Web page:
THE Barbel Society is calling on angling’s governing body The Angling Trust to help save barbel stocks.
In an open letter to the Press, Barbel Society chairman Steve Pope says the Trust must use their close contacts and influence with the Environment Agency to improve stocks.
The letter states: “It is with great concern that I put pen to paper with regard to what we see as the significant, in some cases irreversible, decline of the barbel populations on many rivers in the UK.
“Over the past 20 years the decline has become very evident to barbel anglers, though strong groups of barbel in some areas often masked a barbel population in steady decline.
Steve continued: “The River Teme, Kennet, Thames, Great Ouse, Cherwell, Wensum, Bristol Avon, Severn, Yorkshire Ouse and Swale to name but a few are now shadows of their former selves due to poor recruitment, predation, pollution, habitat loss, parasite infestation and abstraction.
“I would ask you to influence the EA, various Rivers Trusts, the Canals and Rivers Trust and Natural England into formulating some sort of investigation and action plan.
“The situation is dire and will ultimately result in many rivers being devoid of barbel,” it concluded.
And Steve told Angler’s Mail: “We are focusing on the effects of predation and our first subject is otters. We will be enlisting the help of the whole angling community.
“We are inviting the Trust as our representative body to assist and take up the fight to save our barbel rivers from further decimation.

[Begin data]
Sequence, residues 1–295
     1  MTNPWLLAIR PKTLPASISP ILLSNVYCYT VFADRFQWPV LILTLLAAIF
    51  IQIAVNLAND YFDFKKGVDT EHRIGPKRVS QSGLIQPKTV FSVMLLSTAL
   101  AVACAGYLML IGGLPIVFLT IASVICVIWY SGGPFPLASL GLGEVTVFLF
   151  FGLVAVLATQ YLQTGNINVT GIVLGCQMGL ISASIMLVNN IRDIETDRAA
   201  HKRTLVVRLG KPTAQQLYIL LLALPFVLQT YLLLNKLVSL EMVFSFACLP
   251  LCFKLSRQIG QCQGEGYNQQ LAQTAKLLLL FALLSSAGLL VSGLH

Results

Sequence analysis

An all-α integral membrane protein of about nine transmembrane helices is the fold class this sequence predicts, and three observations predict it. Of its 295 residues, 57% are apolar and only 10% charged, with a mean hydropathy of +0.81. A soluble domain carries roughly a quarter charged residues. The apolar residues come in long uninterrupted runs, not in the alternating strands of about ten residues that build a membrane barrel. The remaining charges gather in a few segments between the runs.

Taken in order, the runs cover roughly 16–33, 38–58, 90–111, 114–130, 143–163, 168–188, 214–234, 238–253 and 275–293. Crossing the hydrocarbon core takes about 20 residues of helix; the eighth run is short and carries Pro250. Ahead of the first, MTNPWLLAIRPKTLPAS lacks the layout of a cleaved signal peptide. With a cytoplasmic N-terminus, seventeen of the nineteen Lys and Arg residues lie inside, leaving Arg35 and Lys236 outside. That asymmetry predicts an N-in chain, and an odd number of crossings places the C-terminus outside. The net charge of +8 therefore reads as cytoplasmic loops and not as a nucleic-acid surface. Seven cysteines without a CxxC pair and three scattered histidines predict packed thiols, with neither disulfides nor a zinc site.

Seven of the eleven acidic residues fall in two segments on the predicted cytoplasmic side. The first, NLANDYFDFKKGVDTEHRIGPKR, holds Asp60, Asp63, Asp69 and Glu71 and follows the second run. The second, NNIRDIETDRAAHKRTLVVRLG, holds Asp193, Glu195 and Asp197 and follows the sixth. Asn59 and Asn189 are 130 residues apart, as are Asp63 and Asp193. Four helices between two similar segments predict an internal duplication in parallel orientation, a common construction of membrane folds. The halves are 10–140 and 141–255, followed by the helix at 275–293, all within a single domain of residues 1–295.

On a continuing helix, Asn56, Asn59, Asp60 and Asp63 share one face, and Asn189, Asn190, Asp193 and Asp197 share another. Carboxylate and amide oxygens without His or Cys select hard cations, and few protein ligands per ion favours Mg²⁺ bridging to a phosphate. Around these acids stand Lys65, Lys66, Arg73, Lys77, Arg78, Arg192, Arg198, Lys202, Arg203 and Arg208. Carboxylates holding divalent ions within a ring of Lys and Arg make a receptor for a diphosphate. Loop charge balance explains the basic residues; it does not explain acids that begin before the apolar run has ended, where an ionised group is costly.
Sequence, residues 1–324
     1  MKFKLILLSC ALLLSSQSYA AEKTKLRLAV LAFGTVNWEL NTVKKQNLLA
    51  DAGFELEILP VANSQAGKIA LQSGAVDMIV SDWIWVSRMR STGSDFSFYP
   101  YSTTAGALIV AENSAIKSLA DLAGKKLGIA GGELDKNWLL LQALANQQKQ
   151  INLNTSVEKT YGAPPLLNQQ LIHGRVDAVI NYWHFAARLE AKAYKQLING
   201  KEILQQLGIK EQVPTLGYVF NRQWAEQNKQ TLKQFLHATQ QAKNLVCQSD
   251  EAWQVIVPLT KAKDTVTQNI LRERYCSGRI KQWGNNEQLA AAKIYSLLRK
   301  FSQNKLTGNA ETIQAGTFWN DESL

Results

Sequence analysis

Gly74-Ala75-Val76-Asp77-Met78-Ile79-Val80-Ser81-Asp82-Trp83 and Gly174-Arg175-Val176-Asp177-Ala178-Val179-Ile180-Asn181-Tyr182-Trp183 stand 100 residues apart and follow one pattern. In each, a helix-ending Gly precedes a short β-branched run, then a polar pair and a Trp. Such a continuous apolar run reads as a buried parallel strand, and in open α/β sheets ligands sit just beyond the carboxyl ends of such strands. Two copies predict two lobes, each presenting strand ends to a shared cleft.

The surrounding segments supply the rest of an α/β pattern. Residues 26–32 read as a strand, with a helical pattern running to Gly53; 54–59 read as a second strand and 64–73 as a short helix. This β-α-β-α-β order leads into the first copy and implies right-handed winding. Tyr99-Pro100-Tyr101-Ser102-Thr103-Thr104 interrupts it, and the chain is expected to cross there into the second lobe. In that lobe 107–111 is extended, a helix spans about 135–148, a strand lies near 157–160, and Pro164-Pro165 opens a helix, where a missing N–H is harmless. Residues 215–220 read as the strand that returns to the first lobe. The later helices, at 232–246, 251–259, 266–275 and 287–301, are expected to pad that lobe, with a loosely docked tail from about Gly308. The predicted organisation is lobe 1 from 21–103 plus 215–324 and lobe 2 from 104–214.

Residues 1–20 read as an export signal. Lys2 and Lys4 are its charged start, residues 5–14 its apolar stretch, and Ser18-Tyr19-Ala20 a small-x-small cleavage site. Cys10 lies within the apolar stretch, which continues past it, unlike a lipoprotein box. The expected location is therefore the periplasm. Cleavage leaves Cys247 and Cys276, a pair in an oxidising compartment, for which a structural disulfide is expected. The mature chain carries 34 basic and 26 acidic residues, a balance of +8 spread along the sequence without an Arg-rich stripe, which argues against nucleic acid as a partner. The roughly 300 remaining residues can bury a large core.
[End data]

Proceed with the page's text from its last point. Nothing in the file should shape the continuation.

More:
“Also we are totally aligned to Predator Action Group and we will be doing all we can for the benefit of anglers.
“We have to leave a proper legacy otherwise we will be judged very badly in years to come,” added the specialist group‘s main man.
‘Significant declines’ in barbel stocks
The Angling Trust has replied to the Barbel Society, and is keen to work jointly to the benefit of fish stocks.
Martin Salter, the Trust’s head of campaigns, noted: “There are multiple reasons for the decline of any species in certain river catchments. Poor recruitment, poor water quality, low flows and predation all play a part.
“However, whilst some barbel populations on some rivers have undoubtedly declined others are doing very well. The upper Lea, the Trent and the Wye are just three such rivers rivers and on the other hand the Kennet, Teme and Bristol Avon have seen significant declines. There are others in both categories.
“I’m glad you (Barbel Society) want to work with us on these issues and we would be happy to convene a meeting with appropriate people from the EA and the Rivers Trust to discuss a way forward,” added Martin, a former Labour MP.
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